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Colette Bancroft's favorite 2015 books — and a few she didn't like

Picking 10 favorite books from the past year is always difficult. Not thinking of 10 books I loved — that's easy, in any year. The hard part is choosing which of the 30 or 40 other books I loved to leave out.

Without further ado, then, here are 10 favorites chosen from the books I reviewed in 2015. (That also leaves out some great books that I read this year but did not review, including Ta-Nehisi Coates' powerful Between the World and Me, Andrea Wulf's fascinating The Invention of Nature: Alexander von Humboldt's New World and Claire Vaye Watkins' blistering Gold Fame Citrus.)

The 2015 top 10 books are listed alphabetically by author. You can find full reviews at tampabay.com/features/books.

1 Rain: A Natural and Cultural History by Cynthia Barnett. This wide-ranging nonfiction book by a Gainesville investigative reporter gracefully weaves together history, science, literature and much more.

2 Beatlebone by Kevin Barry. A surprising, poignant, profane novel whose main character is a haunting reimagining of John Lennon.

3 The Crossing by Michael Connelly. The thrilling, complex answer to the question of what LAPD homicide detective Harry Bosch will be like when he's no longer a cop.

4 Purity by Jonathan Franzen. Set aside all the Franzenscheude; this brisk contemporary tale of love and betrayal is a great read and, I must say, my favorite of his novels so far.

5 Fates and Furies by Lauren Groff. This novel, by another Gainesville author (what's in the water up there?), is a dazzling, moving exploration of the lies we tell for love.

6 Negroland: A Memoir by Margo Jefferson. The author, a Pulitzer Prize-winning critic, grew up among the black elite and writes about that experience with fearless intelligence.

7 World Gone By by Dennis Lehane. This novel, set in Tampa in the 1940s, completes Lehane's classic gangster trilogy, a darkly lyrical look at the downside of power, legal or not.

8 H Is for Hawk by Helen Macdonald. This startlingly original memoir of grief and healing is as fierce and vivid as the creature in its title.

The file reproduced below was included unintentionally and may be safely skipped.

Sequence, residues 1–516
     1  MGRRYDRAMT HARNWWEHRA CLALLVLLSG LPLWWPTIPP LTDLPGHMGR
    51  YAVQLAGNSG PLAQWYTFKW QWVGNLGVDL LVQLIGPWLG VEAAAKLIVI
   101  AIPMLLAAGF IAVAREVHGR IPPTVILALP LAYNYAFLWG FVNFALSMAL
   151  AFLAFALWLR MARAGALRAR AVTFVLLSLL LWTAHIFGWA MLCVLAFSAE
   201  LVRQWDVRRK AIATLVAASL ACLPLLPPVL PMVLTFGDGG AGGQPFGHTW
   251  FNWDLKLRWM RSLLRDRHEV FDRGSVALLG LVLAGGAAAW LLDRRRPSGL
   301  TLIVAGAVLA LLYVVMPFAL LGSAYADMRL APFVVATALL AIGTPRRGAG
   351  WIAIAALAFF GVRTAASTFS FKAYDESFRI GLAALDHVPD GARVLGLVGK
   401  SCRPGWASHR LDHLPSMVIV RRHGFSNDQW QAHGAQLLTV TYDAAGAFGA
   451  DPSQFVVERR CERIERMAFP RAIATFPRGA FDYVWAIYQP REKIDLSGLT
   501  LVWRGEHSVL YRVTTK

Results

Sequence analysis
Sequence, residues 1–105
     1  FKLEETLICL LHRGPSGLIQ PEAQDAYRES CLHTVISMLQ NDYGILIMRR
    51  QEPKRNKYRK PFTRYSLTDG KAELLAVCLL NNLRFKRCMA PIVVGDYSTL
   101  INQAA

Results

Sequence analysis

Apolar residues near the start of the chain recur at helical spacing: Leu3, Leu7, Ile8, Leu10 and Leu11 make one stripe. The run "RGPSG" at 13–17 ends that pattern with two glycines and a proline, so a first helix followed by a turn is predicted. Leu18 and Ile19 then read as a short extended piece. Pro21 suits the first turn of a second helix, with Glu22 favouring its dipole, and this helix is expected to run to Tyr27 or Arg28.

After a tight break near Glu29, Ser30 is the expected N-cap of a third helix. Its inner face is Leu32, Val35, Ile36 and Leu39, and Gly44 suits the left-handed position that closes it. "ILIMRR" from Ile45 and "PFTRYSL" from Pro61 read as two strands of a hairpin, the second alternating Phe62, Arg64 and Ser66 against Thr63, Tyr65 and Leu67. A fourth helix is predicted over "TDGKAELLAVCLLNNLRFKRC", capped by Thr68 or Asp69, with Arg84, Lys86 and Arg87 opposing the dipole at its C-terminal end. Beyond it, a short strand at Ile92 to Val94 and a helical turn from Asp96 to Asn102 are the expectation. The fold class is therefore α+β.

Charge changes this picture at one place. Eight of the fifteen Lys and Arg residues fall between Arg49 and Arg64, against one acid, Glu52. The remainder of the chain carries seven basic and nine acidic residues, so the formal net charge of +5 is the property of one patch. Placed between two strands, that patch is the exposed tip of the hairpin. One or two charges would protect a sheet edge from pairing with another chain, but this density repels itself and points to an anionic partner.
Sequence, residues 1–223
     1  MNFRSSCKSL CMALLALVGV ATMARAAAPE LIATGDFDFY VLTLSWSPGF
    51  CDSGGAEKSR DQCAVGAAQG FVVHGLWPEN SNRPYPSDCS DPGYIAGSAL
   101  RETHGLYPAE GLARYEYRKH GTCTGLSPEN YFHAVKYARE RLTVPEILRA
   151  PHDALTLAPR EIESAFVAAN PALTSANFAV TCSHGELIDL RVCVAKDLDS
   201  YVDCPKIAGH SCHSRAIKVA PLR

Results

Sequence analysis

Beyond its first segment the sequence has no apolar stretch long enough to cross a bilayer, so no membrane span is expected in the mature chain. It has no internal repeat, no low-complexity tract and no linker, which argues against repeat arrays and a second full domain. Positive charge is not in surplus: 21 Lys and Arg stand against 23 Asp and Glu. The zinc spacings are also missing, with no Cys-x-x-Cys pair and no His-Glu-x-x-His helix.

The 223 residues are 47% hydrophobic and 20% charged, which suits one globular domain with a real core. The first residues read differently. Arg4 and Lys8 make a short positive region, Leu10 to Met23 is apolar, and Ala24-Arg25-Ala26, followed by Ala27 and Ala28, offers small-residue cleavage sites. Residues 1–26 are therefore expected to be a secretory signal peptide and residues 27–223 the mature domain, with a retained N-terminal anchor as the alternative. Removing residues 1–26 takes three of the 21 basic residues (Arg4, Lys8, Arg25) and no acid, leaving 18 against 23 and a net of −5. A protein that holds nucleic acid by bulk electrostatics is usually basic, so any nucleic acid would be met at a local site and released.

9 On the Move by Oliver Sacks. Another surprising memoir, this one revealing the extraordinary personal life of the doctor and bestselling author, who died not long after its publication.

10 The Sunken Cathedral by Kate Walbert. This beautifully written and emotionally resonant novel is among the most realistic depictions of loss and mourning I've read.

Contact Colette Bancroft at cbancroft@tampabay.com or (727) 893-8435. Follow @colettemb.

Trees died for these?

Every year, there are a few books I cover that, for various reasons,

I wish I didn't have to read at all. Here are the 2015 losers.

1. A double downer: Grey by E.L. James and Life and Death by Stephenie Meyer. Not content with multibazillion-dollar sales figures for their Fifty Shades of Grey and Twilight series, both of these authors released books that reworked their first novels by flipping the genders of the main characters. The problem is, neither of them did anything interesting with the premise. The author credit for both books should be "Search and Replace."

2. The Girl in the Spider's Web by David Lagercrantz. Another brazen effort to cash in on a bestselling series, this one originally written by the late Stieg Larsson. The best thing about Larsson's three novels, dark avenging angel Lisbeth Salander, is only a shadow of herself in Lagercrantz's sequel.

3. Go Set a Watchman by Harper Lee. Publisher announces "new book" by one of America's most revered authors, who is now blind, deaf and in assisted living. Said "new book" was miraculously found by author's lawyer, who is conduit for all communications with her. Book is kept under wraps until much ballyhooed publication, when it is revealed to be a manuscript rejected by publishers more than 50 years ago, before Lee wrote To Kill a Mockingbird, and which she had long said she would never publish. Millions of readers are shocked that Watchman depicts Atticus Finch, one of the most heroic and beloved characters in American literature, as a banal old-school racist — a characterization that Lee changed utterly when she wrote Mockingbird. But hey, somebody is making a boatload of money on this. Maybe it will be Lee, and maybe she'll hire a new lawyer.

Colette Bancroft's favorite 2015 books — and a few she didn't like 12/23/15 [Last modified: Wednesday, December 23, 2015 10:45am]
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